I want to mention a topic I thought I’d hit back when we talked about adjoint functors. We know that every poset is a category, with the elements as objects and a single arrow from to if . Functors between such categories are monotone functions, preserving the order. Contravariant functors are so-called “antitone” functions, which reverse the order, but the same abstract nonsense as usual tells us this is just a monotone function to the “opposite” poset with the order reversed.
So let’s consider an adjoint pair of such functors. This means there is a natural isomorphism between and . But each of these hom-sets is either empty (if ) or a singleton (if ). So the adjunction between and means that if and only if . The analogous condition for an antitone adjoint pair is that if and only if .
There are some immediate consequences to having a Galois connection, which are connected to properties of adjoints. First off, we know that and . This essentially expresses the unit and counit of the adjunction. For the antitone version, let’s show the analogous statement more directly: we know that , so the adjoint condition says that . Similarly, . This second condition is backwards because we’re reversing the order on one of the posets.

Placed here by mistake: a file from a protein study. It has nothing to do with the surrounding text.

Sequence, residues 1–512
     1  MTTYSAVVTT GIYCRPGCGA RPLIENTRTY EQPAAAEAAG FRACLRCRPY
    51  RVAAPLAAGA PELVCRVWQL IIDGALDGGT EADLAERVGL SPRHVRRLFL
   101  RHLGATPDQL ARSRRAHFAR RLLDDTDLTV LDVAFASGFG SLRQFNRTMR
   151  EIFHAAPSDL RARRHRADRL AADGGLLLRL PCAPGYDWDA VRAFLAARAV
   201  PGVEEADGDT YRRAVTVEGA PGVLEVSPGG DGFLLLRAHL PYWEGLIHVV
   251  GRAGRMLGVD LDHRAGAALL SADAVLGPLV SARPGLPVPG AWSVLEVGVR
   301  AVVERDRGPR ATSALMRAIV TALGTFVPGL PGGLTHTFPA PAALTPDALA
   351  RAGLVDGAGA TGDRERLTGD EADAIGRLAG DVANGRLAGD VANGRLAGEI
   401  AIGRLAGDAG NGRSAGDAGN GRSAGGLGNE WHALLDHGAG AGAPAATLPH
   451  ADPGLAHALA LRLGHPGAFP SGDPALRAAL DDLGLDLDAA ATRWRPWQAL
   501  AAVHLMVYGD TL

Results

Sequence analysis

Using the unit and the counit of an adjunction, we found a certain quasi-inverse relation between some natural transformations on functors. For our purposes, we observe that since we have the special case . But , and preserves the order. Thus . So . Similarly, we find that , which holds for both monotone and antitone Galois connections.
Chasing special cases further, we find that , and that for either kind of Galois connection. That is, and are idempotent functions. In general categories, the composition of two adjoint functors gives a monad, and this idempotence is just the analogue in our particular categories. In particular, these functions behave like closure operators, but for the fact that general posets don’t have joins or bottom elements to preserve in the third and fourth Kuratowski axioms.
And so elements left fixed by (or ) are called “closed” elements of the poset. The images of and consist of such closed elements